Edit: To be correct, I should have substituted "the AASHTO bridge design spec" for "we" in the paragraph above.

RE: Standard hooks on circular ties.

Cool video. I figured it was something like that. Thanks!

RE: Standard hooks on circular ties.

To add to what JAE stated, section 1.4.6 of ACI 318-14 specifically states that it does not apply to the design and installation of drilled piers (and concrete piles) unless they are in seismic categories D, E, or F. I also attended an ACI workshop when the 318-14 came out in which they specifically addressed this topic and said their intent was not to require hooks on hoops unless it was a high seismic region.
That said, it does point you to ACI 336.3R which in turn points you back to "may be designed using reinforced concrete in accordance with the provisions in ACI 318 and applicable local building codes." Note the "may", not "shall". I take this all to essentially mean the requirement is not exactly spelled out in the code and engineering judgement should be used for how the hoops are detailed.

RE: Standard hooks on circular ties.

Can you elaborate more on the issue about not requiring hoops for low seismic areas from the workshop? Chapter 25 doesn't seem to distinguish between seismic or non-seismic, looks like a standard detail for circular columns. Refer to Section and Figure R25.7.2.4 (Page 440).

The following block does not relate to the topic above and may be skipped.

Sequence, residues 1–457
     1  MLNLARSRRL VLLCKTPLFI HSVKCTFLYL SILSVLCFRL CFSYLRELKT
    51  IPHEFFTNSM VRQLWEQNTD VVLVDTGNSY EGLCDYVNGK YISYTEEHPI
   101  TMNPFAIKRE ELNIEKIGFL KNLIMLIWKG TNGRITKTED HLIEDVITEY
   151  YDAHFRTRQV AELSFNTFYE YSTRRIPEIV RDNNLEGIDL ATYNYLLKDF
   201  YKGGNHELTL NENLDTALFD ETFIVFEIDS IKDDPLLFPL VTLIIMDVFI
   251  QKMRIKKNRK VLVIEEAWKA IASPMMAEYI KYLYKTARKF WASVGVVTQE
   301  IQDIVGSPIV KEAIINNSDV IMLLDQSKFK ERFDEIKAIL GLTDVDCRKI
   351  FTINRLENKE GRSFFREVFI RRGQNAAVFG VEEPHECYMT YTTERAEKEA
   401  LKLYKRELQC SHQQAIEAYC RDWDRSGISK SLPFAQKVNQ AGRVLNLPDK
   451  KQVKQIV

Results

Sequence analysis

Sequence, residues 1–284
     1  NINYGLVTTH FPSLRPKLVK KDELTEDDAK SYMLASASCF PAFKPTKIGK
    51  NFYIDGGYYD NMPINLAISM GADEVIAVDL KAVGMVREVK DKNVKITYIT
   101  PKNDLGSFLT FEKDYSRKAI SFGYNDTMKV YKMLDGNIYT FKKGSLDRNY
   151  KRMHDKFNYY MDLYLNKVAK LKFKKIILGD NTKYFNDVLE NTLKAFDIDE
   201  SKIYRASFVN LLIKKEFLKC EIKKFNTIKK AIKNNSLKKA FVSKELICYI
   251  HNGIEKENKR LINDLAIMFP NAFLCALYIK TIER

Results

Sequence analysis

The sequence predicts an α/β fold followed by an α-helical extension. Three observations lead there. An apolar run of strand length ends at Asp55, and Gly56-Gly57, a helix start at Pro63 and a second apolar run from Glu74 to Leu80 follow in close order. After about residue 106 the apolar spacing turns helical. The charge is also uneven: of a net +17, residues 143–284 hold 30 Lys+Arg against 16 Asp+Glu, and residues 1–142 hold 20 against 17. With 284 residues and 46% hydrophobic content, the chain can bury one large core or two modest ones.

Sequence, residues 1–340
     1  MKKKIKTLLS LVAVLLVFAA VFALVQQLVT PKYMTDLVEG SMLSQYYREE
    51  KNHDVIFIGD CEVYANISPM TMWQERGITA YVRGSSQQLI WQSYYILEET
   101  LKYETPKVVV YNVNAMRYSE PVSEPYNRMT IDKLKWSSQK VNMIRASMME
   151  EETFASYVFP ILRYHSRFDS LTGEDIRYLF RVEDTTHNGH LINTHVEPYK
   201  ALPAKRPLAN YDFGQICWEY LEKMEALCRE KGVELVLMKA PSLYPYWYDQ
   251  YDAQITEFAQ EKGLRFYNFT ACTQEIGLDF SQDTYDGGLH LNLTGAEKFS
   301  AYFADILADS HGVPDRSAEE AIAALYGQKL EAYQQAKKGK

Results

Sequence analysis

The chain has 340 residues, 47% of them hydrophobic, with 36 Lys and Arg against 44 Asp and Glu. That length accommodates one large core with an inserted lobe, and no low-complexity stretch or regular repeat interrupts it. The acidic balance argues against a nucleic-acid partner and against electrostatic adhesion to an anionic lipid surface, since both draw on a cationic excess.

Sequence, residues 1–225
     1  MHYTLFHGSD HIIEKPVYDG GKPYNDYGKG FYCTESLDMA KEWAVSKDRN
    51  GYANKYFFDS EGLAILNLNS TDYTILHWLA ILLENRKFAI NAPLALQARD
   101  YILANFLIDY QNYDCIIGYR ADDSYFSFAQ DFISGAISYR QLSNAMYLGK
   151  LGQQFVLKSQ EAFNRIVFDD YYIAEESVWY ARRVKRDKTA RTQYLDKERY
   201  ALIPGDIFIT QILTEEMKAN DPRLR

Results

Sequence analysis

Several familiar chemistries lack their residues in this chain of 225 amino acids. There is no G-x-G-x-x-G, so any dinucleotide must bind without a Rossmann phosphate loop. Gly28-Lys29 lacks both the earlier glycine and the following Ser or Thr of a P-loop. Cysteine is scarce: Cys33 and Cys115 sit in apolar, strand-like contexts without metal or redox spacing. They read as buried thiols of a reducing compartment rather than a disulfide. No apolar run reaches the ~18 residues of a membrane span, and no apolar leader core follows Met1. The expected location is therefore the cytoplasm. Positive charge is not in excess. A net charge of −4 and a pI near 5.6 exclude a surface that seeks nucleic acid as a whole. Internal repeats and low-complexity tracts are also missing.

RE: Standard hooks on circular ties.

This information definitely makes me feel better.

I'm reading here that the actual legally-binding wording in the code does not adequately convey the intent. Hopefully the next edition will address this.

RE: Standard hooks on circular ties.

Don't see any change to Section in ACI 318-19 (Public draft).

RE: Standard hooks on circular ties.

Note, I stated it does not require hooks on hoops (hoops would still be required unless you were designing plain concrete, which ACI 336.3R does allow). The exception is not made in chapter 25, it is made in chapter 1. Section 1.4.6 states:

"This Code does not apply to the design and installation
of concrete piles, drilled piers, and caissons embedded
in ground, except as provided in (a) or (b):
(a) For portions in air or water, or in soil incapable of
providing adequate lateral restraint to prevent buckling
throughout their length
(b) For structures assigned to Seismic Design Categories
D, E, and F"

The commentary then points you to 18.13.4. for supplemental requirements for piles, piers, and caissons in seismic categories D, E, or F.

I would say this makes it pretty clear that the ACI 318 does not apply to drilled piers unless you are in a high seismic region, and this is what was pointed out in the workshop. (They were also using this as an example of how important it is to read the first chapter of this code (and most others as well).

RE: Standard hooks on circular ties.

@slickdeals could you provide the page and line number of the start of the section defining "complete circular ties"? I'm going to submit a comment, but I don't have an ACI membership so I can't access the draft.